ASP.NET has two controls that allow users to upload files to the web server. Once the server receives the posted file data, the application can save it, check it, or ignore it.
The AdRotator control randomly selects banner graphics from a list, which is specified in an external XML schedule file. This external XML schedule file is called the advertisement file.
The calendar control is a functionally rich web control, which provides the following capabilities:
MultiView and View controls allow you to divide the content of a page into different groups, displaying only one group at a time. Each View control manages one group of content and all the View controls are held together in a MultiView control.
The Panel control works as a container for other controls on the page. It controls the appearance and visibility of the controls it contains. It also allows generating controls programmatically.
A data source control interacts with the data-bound controls and hides the complex data binding processes. These are the tools that provide data to the data bound controls and support execution of operations like insertions, deletions, sorting, and updates.
Every ASP.NET web form control inherits the DataBind method from its parent Control class, which gives it an inherent capability to bind data to at least one of its properties. This is known as simple data binding or inline data binding.
ASP.NET allows the users to create controls. These user defined controls are categorized into:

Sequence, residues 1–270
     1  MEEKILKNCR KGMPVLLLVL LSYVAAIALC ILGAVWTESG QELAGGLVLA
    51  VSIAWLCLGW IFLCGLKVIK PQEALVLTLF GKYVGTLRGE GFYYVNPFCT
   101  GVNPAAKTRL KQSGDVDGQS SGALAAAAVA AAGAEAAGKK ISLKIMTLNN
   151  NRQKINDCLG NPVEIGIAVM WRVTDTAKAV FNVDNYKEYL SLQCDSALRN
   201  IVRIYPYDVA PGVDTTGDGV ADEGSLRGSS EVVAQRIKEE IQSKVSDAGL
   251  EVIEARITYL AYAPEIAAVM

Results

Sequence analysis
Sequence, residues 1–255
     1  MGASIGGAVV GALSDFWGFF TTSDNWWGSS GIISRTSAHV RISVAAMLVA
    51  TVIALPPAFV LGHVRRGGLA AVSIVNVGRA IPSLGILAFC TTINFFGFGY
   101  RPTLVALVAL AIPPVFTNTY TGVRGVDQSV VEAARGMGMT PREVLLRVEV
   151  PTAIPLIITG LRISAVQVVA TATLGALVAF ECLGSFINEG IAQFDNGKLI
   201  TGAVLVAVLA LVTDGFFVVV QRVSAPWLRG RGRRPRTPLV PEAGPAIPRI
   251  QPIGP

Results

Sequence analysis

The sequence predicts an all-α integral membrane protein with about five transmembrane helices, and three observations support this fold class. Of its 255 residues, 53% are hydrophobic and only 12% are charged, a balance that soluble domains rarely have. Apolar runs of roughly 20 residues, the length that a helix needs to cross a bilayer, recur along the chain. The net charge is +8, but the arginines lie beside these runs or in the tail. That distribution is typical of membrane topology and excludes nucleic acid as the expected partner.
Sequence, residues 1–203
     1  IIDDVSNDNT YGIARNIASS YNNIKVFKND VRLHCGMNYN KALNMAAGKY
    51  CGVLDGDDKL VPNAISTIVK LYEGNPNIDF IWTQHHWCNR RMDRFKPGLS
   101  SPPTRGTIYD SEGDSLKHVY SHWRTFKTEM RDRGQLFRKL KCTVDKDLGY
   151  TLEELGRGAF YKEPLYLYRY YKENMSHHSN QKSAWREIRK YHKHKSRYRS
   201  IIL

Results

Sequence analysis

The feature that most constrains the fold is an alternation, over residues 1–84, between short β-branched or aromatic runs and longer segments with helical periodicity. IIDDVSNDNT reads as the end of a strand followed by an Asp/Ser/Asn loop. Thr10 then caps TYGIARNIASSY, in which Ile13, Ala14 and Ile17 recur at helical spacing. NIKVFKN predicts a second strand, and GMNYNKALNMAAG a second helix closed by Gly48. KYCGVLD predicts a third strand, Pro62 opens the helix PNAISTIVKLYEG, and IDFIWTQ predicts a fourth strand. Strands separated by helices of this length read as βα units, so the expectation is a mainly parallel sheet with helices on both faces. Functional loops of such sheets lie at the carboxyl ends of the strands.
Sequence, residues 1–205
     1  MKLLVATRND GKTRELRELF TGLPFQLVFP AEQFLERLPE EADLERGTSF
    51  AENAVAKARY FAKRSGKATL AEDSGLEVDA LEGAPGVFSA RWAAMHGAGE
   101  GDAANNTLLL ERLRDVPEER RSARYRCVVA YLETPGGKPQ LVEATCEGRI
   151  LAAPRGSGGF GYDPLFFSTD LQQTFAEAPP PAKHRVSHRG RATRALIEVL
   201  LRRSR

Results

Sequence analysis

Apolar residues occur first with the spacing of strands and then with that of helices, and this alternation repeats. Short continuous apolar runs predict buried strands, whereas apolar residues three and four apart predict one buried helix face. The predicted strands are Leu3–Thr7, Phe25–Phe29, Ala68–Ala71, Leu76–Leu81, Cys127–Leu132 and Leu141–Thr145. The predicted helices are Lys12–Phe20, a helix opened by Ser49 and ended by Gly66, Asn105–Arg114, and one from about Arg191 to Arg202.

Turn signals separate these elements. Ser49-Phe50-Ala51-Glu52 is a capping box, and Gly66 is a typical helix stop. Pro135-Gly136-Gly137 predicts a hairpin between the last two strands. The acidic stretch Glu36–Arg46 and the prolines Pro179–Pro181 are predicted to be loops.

Web sites are designed for repeated visits from the users. Personalization allows a site to remember the user identity and other information details, and it presents an individualistic environment to each user.
Error handling in ASP.NET has three aspects:
Debugging allows the developers to see how the code works in a step-by-step manner, how the values of the variables change, how the objects are created and destroyed, etc.
Most applications are data-centric, however most of the data repositories are relational databases. Over the years, designers and developers have designed applications based on object models.
Implementing security in a site has the following aspects:
Caching is a technique of storing frequently used data/information in memory, so that, when the same data/information is needed next time, it could be directly retrieved from the memory instead of being generated by the application.
A web service is a web-based functionality accessed using the protocols of the web to be used by the web applications. There are three aspects of web service development:
A thread is defined as the execution path of a program. Each thread defines a unique flow of control. If your application involves complicated and time consuming operations such as database access or some intense I/O operations, then it is often helpful to set different execution paths or threads, with each thread performing a particular job.
The behavior of an ASP.NET application is affected by different settings in the configuration files:
There are two categories of ASP.NET deployment:
Local deployment : In this case, the entire application is contained within a virtual directory and all the contents and assemblies are contained within it and available to the application.
Global deployment : In this case, assemblies are available to every application running on the server.